FIG. 1B illustrates a portion of the apparatus controlled and managed by the processing system shown in FIG. 1A and described above. In FIG. 1B, a component 1800 is shown comprising containers 1810 and 1820. These containers 1810 and 1820 may hold toners, dyes, developers and the like. Contents of the containers 1810 and 1820 are dispensed through metering valves 1812 and 1822, which meter according to mixing instructions held in the database of the processing system shown in FIG. 1A. From the metering valves 1812 and 1822 contents are fed by conduits 1814 and 1824 into a mixing valve 1900 and thence out to be applied.
A time-related sequence of records may be stored for each user, such as the time and date of the hair color stored in a digital image For example, as shown in FIG. 2A, the database may contain records related to personal data such a user's hair styles 2100 and colors 2110-2120 at a particular date or age of the user.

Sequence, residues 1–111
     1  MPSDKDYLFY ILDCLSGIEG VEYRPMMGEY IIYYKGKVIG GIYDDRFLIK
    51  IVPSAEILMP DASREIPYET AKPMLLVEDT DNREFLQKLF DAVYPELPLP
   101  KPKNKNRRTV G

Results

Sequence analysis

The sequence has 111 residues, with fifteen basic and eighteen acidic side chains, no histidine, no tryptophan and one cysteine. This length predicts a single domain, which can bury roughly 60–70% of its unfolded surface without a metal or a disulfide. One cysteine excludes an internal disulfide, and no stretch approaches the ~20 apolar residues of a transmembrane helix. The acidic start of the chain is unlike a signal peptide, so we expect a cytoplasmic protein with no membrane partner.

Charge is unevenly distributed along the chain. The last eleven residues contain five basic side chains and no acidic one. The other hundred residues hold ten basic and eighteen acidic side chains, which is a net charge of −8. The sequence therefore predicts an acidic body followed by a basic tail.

Color related data may comprise a plurality of data items related to tints, developer types and quantities required to produce a particular hair color. These data items may also be in the form of mixing formulae related to quantities of materials used to mix a color and may also include developer times to achieve a particular effect.
With reference to FIG. 2B the database may also contain records pertaining to other person's hair colors 2130- 2140 such as celebrities, from which hair colors may be derived.
Examples of Applications of the Apparatus
FIG. 3A shows a first example of the application and use of the apparatus by means of the computer logic and programming shown in FIG. 1A.